Strategies to further reduce the large amount of redundant data (e.g., tracking, blood and CMJ variables) are recommended and discussed elsewhere. Lastly, it should be noted that the study required a highly professional environment and significant human resources (two physicians for blood collection, two physiotherapists for hip abduction/adduction, two practitioners for the CMJ). The blood collection required staff and sophisticated equipment for the analysis including sophisticated qPCR methods for the determination of cfDNA. Thus, the approach is feasible for financially strong clubs, but not practical and cost-effective for non-elite clubs or professional clubs with limited resources, unless the machine models perform better.


A holistic approach to monitoring training load and training load response was successfully integrated into regular practice, and many variables indicative of the occurrence of injury and illness were identified. Whereas conventional statistical approaches have the disadvantage of focusing, for example, on factors linearly associated with injury and disease by performing regression analyses, we provide an approach to consider interactions among a large number of variables potentially associated with illness and injury. Future studies can build on our initial results and apply a longer study period with more data points to further train the algorithms and determine if the variables identified are truly critical. Further statistical methods can then be used i) to reveal and interpret the direction of the variables, or ii) the crucial variables can be used in practice over a longer period of time so that changes can be identified on an individual basis allowing early interventions to be made.


We would like to thank all the players, practitioners, and club officials who agreed to, planned, participated in, helped with, or conducted the study. The study is a cooperation project between the University of Salzburg, the University of Mainz and the Red Bull Athlete Performance Center. The study receives funding from the Red Bull Athlete Performance Center for the scientific accompaniment of the monitoring concept in the context of which data for the current study were collected. Christina and Stefan Kranzinger acknowledge the financial support by the Austrian Federal Ministry for Climate Action, Environment, Energy, Mobility, Innovation and Technology and Land Salzburg under Contract No. 2021-0.641.557. All experiments comply with the current laws of the country in which they were performed. The authors declare that the research was conducted in the absence of any commercial or financial relationships that could be construed as a potential conflict of interest. The data sets generated and analyzed during the current study are not publicly available but are available from the corresponding author, who was an organizer of the study.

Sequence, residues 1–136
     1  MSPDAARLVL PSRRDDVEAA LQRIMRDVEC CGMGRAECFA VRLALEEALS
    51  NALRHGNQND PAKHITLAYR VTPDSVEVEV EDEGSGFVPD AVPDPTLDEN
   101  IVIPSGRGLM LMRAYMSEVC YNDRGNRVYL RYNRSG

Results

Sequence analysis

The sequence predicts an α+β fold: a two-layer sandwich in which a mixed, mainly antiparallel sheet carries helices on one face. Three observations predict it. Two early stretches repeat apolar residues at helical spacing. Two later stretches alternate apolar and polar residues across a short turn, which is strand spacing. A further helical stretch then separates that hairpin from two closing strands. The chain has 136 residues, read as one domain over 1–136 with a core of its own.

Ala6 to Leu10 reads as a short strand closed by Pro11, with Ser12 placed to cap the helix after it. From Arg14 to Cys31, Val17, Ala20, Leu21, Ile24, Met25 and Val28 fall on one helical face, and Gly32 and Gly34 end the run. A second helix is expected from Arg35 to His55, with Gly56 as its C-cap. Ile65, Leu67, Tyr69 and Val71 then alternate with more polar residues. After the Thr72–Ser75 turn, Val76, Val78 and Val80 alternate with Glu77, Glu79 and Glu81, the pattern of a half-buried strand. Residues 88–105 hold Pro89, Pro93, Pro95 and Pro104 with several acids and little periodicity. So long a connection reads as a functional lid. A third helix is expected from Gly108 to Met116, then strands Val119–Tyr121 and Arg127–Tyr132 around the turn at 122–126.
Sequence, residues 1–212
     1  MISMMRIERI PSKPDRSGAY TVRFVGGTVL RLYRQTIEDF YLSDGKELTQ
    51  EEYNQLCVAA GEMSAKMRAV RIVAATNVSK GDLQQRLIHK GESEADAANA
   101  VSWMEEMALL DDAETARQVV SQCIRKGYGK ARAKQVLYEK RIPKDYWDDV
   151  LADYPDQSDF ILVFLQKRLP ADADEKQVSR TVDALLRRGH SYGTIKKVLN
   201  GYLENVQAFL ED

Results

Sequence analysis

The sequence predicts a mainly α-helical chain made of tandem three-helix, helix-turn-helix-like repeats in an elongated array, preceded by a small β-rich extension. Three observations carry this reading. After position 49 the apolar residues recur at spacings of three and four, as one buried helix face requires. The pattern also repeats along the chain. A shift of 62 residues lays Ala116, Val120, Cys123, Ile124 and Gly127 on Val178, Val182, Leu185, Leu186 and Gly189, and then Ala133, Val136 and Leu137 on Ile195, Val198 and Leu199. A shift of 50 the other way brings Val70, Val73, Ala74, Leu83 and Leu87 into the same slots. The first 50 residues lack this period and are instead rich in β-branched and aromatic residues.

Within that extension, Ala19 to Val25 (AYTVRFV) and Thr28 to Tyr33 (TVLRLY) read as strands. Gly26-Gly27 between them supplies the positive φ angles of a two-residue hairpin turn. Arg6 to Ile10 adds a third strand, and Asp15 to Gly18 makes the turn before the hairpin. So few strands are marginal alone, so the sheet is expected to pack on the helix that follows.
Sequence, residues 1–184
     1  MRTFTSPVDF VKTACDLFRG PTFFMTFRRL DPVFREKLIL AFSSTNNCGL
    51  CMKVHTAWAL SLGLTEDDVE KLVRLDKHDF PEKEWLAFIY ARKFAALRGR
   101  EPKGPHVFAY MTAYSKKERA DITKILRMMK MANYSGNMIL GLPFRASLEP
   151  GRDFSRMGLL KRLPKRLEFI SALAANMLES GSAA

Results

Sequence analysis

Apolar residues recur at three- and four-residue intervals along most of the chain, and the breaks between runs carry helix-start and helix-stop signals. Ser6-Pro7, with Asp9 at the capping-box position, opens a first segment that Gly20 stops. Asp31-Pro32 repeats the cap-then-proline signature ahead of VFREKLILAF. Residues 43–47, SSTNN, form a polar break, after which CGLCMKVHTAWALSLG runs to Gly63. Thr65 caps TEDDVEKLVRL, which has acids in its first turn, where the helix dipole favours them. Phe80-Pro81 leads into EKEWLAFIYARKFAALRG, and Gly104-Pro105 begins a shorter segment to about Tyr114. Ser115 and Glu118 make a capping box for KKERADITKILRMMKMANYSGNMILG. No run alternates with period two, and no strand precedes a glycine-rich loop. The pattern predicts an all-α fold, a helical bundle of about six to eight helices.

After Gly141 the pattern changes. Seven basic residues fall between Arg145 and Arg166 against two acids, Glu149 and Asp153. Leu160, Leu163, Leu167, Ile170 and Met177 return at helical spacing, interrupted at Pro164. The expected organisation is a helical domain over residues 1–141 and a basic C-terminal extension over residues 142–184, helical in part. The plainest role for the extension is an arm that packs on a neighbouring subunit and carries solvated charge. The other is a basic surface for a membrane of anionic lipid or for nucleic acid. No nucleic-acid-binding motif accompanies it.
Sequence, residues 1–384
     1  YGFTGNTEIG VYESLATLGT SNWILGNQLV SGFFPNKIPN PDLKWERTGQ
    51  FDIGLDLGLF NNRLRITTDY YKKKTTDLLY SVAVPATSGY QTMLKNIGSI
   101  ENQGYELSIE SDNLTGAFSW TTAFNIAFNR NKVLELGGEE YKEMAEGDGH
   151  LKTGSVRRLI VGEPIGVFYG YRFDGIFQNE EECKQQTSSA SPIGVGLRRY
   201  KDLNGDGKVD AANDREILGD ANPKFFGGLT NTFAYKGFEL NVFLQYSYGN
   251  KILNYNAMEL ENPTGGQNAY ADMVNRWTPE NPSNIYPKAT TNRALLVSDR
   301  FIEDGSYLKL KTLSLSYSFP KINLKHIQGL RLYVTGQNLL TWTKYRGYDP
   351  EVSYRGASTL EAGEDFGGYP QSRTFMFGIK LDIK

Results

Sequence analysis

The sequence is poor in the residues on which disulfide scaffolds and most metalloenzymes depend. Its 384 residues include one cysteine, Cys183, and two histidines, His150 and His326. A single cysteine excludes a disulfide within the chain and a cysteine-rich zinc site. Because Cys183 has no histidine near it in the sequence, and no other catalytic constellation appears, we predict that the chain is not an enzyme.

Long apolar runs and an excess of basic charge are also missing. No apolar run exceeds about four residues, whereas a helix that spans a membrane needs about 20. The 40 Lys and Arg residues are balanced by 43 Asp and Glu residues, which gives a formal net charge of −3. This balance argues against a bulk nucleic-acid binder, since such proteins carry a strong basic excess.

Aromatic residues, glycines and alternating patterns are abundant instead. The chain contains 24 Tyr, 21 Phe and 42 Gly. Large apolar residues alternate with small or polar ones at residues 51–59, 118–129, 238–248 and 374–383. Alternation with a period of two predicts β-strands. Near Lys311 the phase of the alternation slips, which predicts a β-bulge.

Journal of Sports Science and Medicine Nils Haller
Employment: Senior Researcher, Department of Sport and Exercise Science, University of Salzburg; Department of Sports Medicine, Rehabilitation and Disease Prevention, University of Mainz, Mainz, Germany
Degree: PhD
Research interests: Exercise physiology, Load monitoring, Sports therapy

Journal of Sports Science and Medicine Stefan Kranzinger
Employment: Researcher, Salzburg Research Forschungsgesellschaft m.b.H
Degree: Mag., MSc., PhD
Research interests: Human motion analysis, Machine learning, Statistics

Journal of Sports Science and Medicine Christina Kranzinger
Employment: Researcher, Salzburg Research Forschungsgesellschaft m.b.H
Degree: Mag., MSc.
Research interests: Human motion analysis, Machine learning, Statistics

Journal of Sports Science and Medicine Julia C. Blumkaitis
Employment: Research Assistant, Department of Sport and Exercise Science, University of Salzburg
Degree: M.Sc.
Research interests: Exercise physiology, Training load monitoring

Journal of Sports Science and Medicine Tilmann Strepp
Employment: PhD Student, Department of Sport and Exercise Science, University of Salzburg
Degree: M.Sc.
Research interests: Sport science, Exercise physiology

Journal of Sports Science and Medicine Perikles Simon
Employment: Department of Sports Medicine, Rehabilitation and Disease Prevention, University of Mainz, Mainz, Germany
Degree: MD, PhD
Research interests: Exercise immunology, Molecular exercise physiology, Sports medicine

Journal of Sports Science and Medicine Aleksandar Tomaskovic
Employment: Department of Sports Medicine, Rehabili-tation and Disease Prevention, University of Mainz, Mainz, Germany
Degree: M.Sc.
Research interests: Training load management, Sports physiotherapy

Journal of Sports Science and Medicine James O’Brien
Employment: Red Bull Athlete Performance Center, Salzburg, Austria
Degree: MSc, PhD
Research interests: Injury prevention, Sports physiotherapy

Journal of Sports Science and Medicine Manfred Düring
Employment: Head of Performance at FC Red Bull Salzburg
Degree: Dipl., Dr. Sports Science
Research interests: Monitoring & training load management, Exercise physiology, Biomechanics, Performance diagnostics

Journal of Sports Science and Medicine Thomas Stöggl
Employment: Head of R&D and Science at the Red Bull Athlete Performance Center
Degree: Univ-. Prof. Mag. Dr.
Research interests: Physiology and biomechanics in sports from sedentary to the elite athlete; training intensity distribution among elite endurance athletes; Exercise physiology and performance diagnostics; Sensor technologies in various settings of sport science